Frist Center for the Visual Arts

Stop. Take Notice!

Partners: The partners for the first two components of the project were: Martha O’Bryan Center’s Top Floor Program, Stratford High School; YMCA Latino Achievers, Cane Ridge High School; Oasis Center with Cameron Middle School students; and Nashville Public Library Main Branch with Hume-Fogg Magnet High School students. The third part of the project was a pedestrian awareness campaign initiated by students from Hume-Fogg Magnet High School.

Educators: Chris Cheney, Teaching Artist; Michael Lapinski, Teaching Artist; Laura Wallace, Teaching Artist; Elizabeth Smith, English Teacher, Hume-Fogg Academic Magnet High School;  Laura Louis, English Teacher, Hume-Fogg Academic Magnet High School; Keri Jhaveri, Youth and Family Educator at the Frist Center; additional Frist Center Educators

Location: Nashville, TN



Christopher Cheney and participants from YMCA Latino Achievers at Cane Ridge High School
Community Impact, 2012
Mixed media

Students from YMCA Latino Achievers created a sixteen-foot print made by inking the block, laying paper over it, and then walking and stomping on the paper to create the collagraph print.   


Michael Lapinski and participants from Oasis Center
Nobody Cares, 2012
Mixed Media

At the paper and mixed media sculpture Nobody Cares, Frist Center visitors read other viewers’ responses to the prompt at the artwork to share their own gifts, offer memorials to victims of violence, or share accounts of how violence has affected their lives by writing them down and adding them to the artwork.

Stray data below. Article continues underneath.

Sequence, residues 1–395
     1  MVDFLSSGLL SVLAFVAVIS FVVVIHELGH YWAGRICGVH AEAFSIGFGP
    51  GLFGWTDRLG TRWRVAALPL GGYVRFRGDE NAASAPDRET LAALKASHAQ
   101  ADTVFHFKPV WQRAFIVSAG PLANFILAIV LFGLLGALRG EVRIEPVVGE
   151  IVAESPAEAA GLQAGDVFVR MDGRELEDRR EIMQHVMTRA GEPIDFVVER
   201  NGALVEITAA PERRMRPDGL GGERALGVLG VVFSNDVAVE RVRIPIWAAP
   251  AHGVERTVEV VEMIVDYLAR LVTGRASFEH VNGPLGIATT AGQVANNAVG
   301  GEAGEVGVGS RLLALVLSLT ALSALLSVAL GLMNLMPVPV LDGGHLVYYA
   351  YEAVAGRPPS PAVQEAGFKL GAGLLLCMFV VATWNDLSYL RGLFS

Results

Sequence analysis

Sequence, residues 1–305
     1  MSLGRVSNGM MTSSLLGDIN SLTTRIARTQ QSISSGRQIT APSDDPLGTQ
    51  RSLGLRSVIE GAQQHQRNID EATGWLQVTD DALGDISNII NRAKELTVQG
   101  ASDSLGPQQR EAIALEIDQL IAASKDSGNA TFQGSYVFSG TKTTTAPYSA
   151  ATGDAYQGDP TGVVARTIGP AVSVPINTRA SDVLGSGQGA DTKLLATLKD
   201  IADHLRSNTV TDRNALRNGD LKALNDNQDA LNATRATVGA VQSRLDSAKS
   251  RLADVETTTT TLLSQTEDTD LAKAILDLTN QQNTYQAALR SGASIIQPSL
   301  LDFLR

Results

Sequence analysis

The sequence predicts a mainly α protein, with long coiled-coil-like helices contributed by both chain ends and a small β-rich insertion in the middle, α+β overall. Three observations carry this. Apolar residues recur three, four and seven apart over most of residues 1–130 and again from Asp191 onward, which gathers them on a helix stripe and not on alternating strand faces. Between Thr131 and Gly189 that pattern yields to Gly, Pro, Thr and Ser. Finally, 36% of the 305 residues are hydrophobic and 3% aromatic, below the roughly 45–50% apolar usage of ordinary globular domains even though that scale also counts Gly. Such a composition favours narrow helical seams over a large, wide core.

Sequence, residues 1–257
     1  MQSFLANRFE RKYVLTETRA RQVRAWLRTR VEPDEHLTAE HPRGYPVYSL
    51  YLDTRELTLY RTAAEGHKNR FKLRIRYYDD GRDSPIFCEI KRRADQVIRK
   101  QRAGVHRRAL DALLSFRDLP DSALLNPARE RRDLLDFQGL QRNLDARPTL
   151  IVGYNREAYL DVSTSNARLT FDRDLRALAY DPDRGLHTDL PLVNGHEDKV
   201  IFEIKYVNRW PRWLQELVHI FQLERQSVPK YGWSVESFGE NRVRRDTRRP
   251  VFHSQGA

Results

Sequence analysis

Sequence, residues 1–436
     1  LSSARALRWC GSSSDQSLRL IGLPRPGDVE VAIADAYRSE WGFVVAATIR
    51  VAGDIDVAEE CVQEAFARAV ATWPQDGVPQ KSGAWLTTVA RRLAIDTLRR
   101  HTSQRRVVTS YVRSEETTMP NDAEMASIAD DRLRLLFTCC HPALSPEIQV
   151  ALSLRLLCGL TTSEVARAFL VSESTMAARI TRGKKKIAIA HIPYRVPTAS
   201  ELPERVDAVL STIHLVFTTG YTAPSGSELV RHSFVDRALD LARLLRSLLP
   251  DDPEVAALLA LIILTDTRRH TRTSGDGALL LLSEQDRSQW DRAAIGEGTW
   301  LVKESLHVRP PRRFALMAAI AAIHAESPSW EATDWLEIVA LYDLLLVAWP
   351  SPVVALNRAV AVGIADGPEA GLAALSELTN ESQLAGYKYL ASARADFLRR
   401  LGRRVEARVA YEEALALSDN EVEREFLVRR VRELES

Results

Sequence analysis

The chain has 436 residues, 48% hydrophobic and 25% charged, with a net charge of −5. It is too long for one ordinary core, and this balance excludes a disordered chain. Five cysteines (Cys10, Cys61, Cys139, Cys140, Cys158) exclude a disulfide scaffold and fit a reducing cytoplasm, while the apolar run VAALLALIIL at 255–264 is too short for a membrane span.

Students from Hume-Fogg Academic Magnet High School raised awareness about driver and pedestrian safety through collaborative art-making, including stenciling, spray-chalking, and stickering several downtown intersections.


Young artists celebrate the opening of Stop. Take Notice! in front of their artwork, Nobody Cares, with teaching artist Michael Lapinski and Oasis Center staff member Vanessa Lazón 

Stop. Take Notice! is a three-part project that concentrates on community issues while offering teens insight into art’s role in promoting positive social change and raising public awareness. In 2012, four interactive artworks were created to address issues relevant to teens and their communities. The following year, these artworks were recreated for an exhibition at the Frist Center for the Visual Arts. In 2014, Hume-Fogg High School students raised awareness about driver and pedestrian safety through collaborative art making in several downtown intersections, which can be seen through the photographs in this exhibition. These artworks were created by friends, teachers, and classmates of Hume-Fogg student, Elena Zamora, who was tragically killed while walking in a crosswalk close to the high school in 2013. This pedestrian awareness campaign aimed to “make drivers and walkers think before acting” attracted local media attention, as well as many visitors to the website, which was created by the students.